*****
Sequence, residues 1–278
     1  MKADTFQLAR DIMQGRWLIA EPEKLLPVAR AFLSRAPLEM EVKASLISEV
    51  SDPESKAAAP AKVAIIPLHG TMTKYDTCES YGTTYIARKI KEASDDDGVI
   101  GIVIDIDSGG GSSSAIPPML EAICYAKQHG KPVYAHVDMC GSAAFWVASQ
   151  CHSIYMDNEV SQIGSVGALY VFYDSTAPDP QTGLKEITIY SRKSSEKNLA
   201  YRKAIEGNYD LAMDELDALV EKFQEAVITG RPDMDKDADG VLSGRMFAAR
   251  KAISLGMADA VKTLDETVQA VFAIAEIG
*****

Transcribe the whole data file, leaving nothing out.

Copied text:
Sequence, residues 1–278
     1  MKADTFQLAR DIMQGRWLIA EPEKLLPVAR AFLSRAPLEM EVKASLISEV
    51  SDPESKAAAP AKVAIIPLHG TMTKYDTCES YGTTYIARKI KEASDDDGVI
   101  GIVIDIDSGG GSSSAIPPML EAICYAKQHG KPVYAHVDMC GSAAFWVASQ
   151  CHSIYMDNEV SQIGSVGALY VFYDSTAPDP QTGLKEITIY SRKSSEKNLA
   201  YRKAIEGNYD LAMDELDALV EKFQEAVITG RPDMDKDADG VLSGRMFAAR
   251  KAISLGMADA VKTLDETVQA VFAIAEIG